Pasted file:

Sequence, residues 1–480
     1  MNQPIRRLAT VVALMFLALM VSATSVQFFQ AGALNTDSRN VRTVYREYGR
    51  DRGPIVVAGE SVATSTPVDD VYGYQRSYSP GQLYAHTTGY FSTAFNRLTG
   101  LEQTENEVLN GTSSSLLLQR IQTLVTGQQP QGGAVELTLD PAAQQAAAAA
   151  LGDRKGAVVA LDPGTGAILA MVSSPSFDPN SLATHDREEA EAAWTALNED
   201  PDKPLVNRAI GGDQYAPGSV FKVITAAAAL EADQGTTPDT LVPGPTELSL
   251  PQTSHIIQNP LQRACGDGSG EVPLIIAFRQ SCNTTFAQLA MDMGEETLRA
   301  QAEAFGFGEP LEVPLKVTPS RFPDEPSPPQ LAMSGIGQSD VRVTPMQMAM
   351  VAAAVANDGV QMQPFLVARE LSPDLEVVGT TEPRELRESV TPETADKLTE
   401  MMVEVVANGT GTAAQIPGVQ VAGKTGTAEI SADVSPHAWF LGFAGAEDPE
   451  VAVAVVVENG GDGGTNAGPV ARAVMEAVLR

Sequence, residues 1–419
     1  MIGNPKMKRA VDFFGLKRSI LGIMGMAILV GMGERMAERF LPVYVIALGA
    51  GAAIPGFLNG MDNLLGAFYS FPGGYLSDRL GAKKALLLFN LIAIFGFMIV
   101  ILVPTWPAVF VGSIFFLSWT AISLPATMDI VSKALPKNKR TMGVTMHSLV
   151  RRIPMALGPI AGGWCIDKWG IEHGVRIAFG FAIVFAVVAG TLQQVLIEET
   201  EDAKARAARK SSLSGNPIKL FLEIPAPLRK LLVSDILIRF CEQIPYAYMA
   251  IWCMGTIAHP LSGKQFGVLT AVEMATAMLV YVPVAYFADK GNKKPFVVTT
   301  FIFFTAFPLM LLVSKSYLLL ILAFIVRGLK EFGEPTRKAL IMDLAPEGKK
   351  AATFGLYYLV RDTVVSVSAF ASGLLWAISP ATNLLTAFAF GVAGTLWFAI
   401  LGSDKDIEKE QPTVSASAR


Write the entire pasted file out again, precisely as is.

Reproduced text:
Sequence, residues 1–480
     1  MNQPIRRLAT VVALMFLALM VSATSVQFFQ AGALNTDSRN VRTVYREYGR
    51  DRGPIVVAGE SVATSTPVDD VYGYQRSYSP GQLYAHTTGY FSTAFNRLTG
   101  LEQTENEVLN GTSSSLLLQR IQTLVTGQQP QGGAVELTLD PAAQQAAAAA
   151  LGDRKGAVVA LDPGTGAILA MVSSPSFDPN SLATHDREEA EAAWTALNED
   201  PDKPLVNRAI GGDQYAPGSV FKVITAAAAL EADQGTTPDT LVPGPTELSL
   251  PQTSHIIQNP LQRACGDGSG EVPLIIAFRQ SCNTTFAQLA MDMGEETLRA
   301  QAEAFGFGEP LEVPLKVTPS RFPDEPSPPQ LAMSGIGQSD VRVTPMQMAM
   351  VAAAVANDGV QMQPFLVARE LSPDLEVVGT TEPRELRESV TPETADKLTE
   401  MMVEVVANGT GTAAQIPGVQ VAGKTGTAEI SADVSPHAWF LGFAGAEDPE
   451  VAVAVVVENG GDGGTNAGPV ARAVMEAVLR

Sequence, residues 1–419
     1  MIGNPKMKRA VDFFGLKRSI LGIMGMAILV GMGERMAERF LPVYVIALGA
    51  GAAIPGFLNG MDNLLGAFYS FPGGYLSDRL GAKKALLLFN LIAIFGFMIV
   101  ILVPTWPAVF VGSIFFLSWT AISLPATMDI VSKALPKNKR TMGVTMHSLV
   151  RRIPMALGPI AGGWCIDKWG IEHGVRIAFG FAIVFAVVAG TLQQVLIEET
   201  EDAKARAARK SSLSGNPIKL FLEIPAPLRK LLVSDILIRF CEQIPYAYMA
   251  IWCMGTIAHP LSGKQFGVLT AVEMATAMLV YVPVAYFADK GNKKPFVVTT
   301  FIFFTAFPLM LLVSKSYLLL ILAFIVRGLK EFGEPTRKAL IMDLAPEGKK
   351  AATFGLYYLV RDTVVSVSAF ASGLLWAISP ATNLLTAFAF GVAGTLWFAI
   401  LGSDKDIEKE QPTVSASAR